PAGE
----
When tragedy struck, Washington state boy found healing in a canoe

Hamilton Seymour, 15, of Bellingham, Wash., introduced first lady Michelle Obama at the first White House Tribal Youth Gathering in Washington, D.C., on July 9, 2015.ROB HOTAKAINEN — McClatchy

Hamilton Seymour, 15, of Bellingham, Wash., introduced first lady Michelle Obama at the first White House Tribal Youth Gathering in Washington, D.C., on July 9, 2015.
ROB HOTAKAINEN — McClatchy

 

BY ROB HOTAKAINEN, News Tribune

 

WASHINGTON — After losing his father to suicide in 2012, teenager Hamilton Seymour said he wanted to find something positive in his life: He found healing by paddling his canoe.

“It’s my personal outlet,” said Seymour, a 15-year-old member of the  Nooksack Indian Tribe from Bellingham, Wash. “It’s where I can get away, even if I’m with people.”

Convinced that exercise is “a stress reliever” and the key to improving mental health, Seymour now is pushing other members of his tribe to deal with grief and celebrate their culture by carving canoes and singing traditional Native songs as they paddle their way to fitness. His efforts are gaining attention.

After Seymour won a national award earlier this year from the  Center for Native American Youth, he found the spotlight on Thursday at the first White House Tribal Youth Gathering, when he was picked to introduce  first lady Michelle Obama before her speech to the group.

“It was just surreal,” said Seymour.

 

 

 

An official in the first lady’s office said Seymour was chosen because his story served as a “source of inspiration” for other Indian youths. But Seymour speculated that there was another reason.

“I’ve been told they did a background check and they looked at our social media,” he said. “And I luckily only have Facebook and I don’t post anything vulgar, inappropriate or like just stupid stuff people post these days.”

Seymour was one of five Indian youths from across the nation cited as a 2015 “champion for change” by the Center for Native American Youth, an award that recognizes youths who are making a difference in their communities. Center officials noted that while most adults are uncomfortable talking about such issues as sexual abuse and suicide, Indian youth leaders are tackling the issues head on.

Seymour, whose parents divorced when he was 6 years old, said he didn’t want to discuss specifics of his father’s suicide. But he said the act of violence leaves survivors suffering.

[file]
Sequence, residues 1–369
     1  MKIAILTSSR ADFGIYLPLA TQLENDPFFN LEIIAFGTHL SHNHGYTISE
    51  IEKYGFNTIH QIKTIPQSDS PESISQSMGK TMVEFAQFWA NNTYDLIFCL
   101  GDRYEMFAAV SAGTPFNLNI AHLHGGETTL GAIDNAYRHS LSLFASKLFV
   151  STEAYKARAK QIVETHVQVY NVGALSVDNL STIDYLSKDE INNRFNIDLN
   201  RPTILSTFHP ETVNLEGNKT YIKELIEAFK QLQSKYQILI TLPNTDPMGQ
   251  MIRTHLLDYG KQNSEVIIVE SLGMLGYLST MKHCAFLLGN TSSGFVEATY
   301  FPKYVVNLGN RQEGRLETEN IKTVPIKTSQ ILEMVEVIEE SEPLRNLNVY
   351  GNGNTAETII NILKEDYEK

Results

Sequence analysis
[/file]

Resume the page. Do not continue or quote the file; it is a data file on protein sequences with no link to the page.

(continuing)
Growing up, he said, he has learned that “you only get out of this world what you put in,” but he said he doesn’t want to judge others who struggle. He said many Indian kids are growing up in homes where parents are fighting and the children aren’t getting enough sleep or food.

“High school’s tricky,” he said. “You never really know what someone’s going through.”

 

Seymour said his application for the award focused on keeping culture alive through traditional sports. As part of his project, he has lined up 11 other teens to help him paddle canoes in races.

“What paddling is doing for us is getting us stronger – obviously physically, but also mentally, spiritually and emotionally,” he said. “It’s just beautiful.”

Seymour said paddling comes naturally to him, with the tradition strong on both sides of his family.

He said his father, a Canadian Indian who was in his early 30s when he committed suicide, was a champion paddler.

“He was a phenomenal man, and I’d like to carry out his name and his spirit through paddling. . . . I feel like paddling is only one of the few things that I have left of him,” Seymour said.

Some of Seymour’s friends from Bellingham, who are also in the nation’s capital this week as part of various tribal youth events, said Seymour has come a long way.

“I’ve known Hammi my whole life – he’s our baby,” said Sarah Scott, 21, a mentor for the Lummi Nation’s tribal youth recreation program. “In the last year, he’s just blossomed into this natural leader on a national platform, and to me that is just so inspiring.”

 

William Lucero, 18, another member of the Lummi Nation, said it was remarkable to watch Seymour get a hug from the first lady.

“I was jealous,” he said. “It’s so cool.”

Seymour, who will be a junior at Mount Baker High School in Deming, Wash., this fall, said it was a “once-in-a-lifetime experience” to share the stage with Michelle Obama.

“I didn’t know she was that tall,” he said.

When an announcer called his name, saying it was time to introduce the first lady of the United States, Seymour said he temporarily lost his breath.

“I took one step and I felt all the oxygen just leave my body,” he said. “I got told to take three deep breaths. I did that, but my heart was pumping. It was just so great.”

Seymour figures his life is looking pretty bright, too.

“I can’t tell the future, but I’m really hoping, and I really feel like it’s going to be great,” he said.

 

Read more here: http://www.thenewstribune.com/2015/07/10/3910390_when-tragedy-struck-washington.html?rh=1#storylink=cpy

Arizona youth among 1,000 at first White House Tribal Youth Gathering

About half of more than a thousand youth at the White House Tribal Youth gathering wore traditional tribal clothing. More than 230 tribes from across the country were represented. (Cronkite News Photo/Aubrey Rumore)

About half of more than a thousand youth at the White House Tribal Youth gathering wore traditional tribal clothing. More than 230 tribes from across the country were represented. (Cronkite News Photo/Aubrey Rumore)

By Aubrey Rumore, Cronkite News

WASHINGTON — Brooke Overturf of Window Rock, Arizona, was momentarily flustered as she stood holding hands Thursday with Michelle Obama, while hundreds of other Native American youth crowded around, hoping for a handshake.